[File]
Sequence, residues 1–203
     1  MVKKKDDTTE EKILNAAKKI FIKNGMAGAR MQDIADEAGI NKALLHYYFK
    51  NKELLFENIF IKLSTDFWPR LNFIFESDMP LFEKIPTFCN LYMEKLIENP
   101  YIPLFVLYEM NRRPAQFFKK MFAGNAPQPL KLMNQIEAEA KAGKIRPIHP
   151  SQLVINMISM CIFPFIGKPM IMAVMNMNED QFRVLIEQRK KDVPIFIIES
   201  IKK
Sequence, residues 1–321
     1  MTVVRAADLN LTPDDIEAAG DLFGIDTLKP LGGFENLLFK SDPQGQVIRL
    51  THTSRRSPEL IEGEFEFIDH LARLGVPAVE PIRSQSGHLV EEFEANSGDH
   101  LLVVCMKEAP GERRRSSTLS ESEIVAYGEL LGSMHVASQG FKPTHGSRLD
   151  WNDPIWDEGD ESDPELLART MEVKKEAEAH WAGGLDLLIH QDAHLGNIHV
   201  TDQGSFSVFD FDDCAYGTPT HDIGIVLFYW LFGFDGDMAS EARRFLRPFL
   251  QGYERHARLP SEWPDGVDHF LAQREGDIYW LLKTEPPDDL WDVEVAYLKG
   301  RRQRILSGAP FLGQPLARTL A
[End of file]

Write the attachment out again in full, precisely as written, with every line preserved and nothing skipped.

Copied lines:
Sequence, residues 1–203
     1  MVKKKDDTTE EKILNAAKKI FIKNGMAGAR MQDIADEAGI NKALLHYYFK
    51  NKELLFENIF IKLSTDFWPR LNFIFESDMP LFEKIPTFCN LYMEKLIENP
   101  YIPLFVLYEM NRRPAQFFKK MFAGNAPQPL KLMNQIEAEA KAGKIRPIHP
   151  SQLVINMISM CIFPFIGKPM IMAVMNMNED QFRVLIEQRK KDVPIFIIES
   201  IKK
Sequence, residues 1–321
     1  MTVVRAADLN LTPDDIEAAG DLFGIDTLKP LGGFENLLFK SDPQGQVIRL
    51  THTSRRSPEL IEGEFEFIDH LARLGVPAVE PIRSQSGHLV EEFEANSGDH
   101  LLVVCMKEAP GERRRSSTLS ESEIVAYGEL LGSMHVASQG FKPTHGSRLD
   151  WNDPIWDEGD ESDPELLART MEVKKEAEAH WAGGLDLLIH QDAHLGNIHV
   201  TDQGSFSVFD FDDCAYGTPT HDIGIVLFYW LFGFDGDMAS EARRFLRPFL
   251  QGYERHARLP SEWPDGVDHF LAQREGDIYW LLKTEPPDDL WDVEVAYLKG
   301  RRQRILSGAP FLGQPLARTL A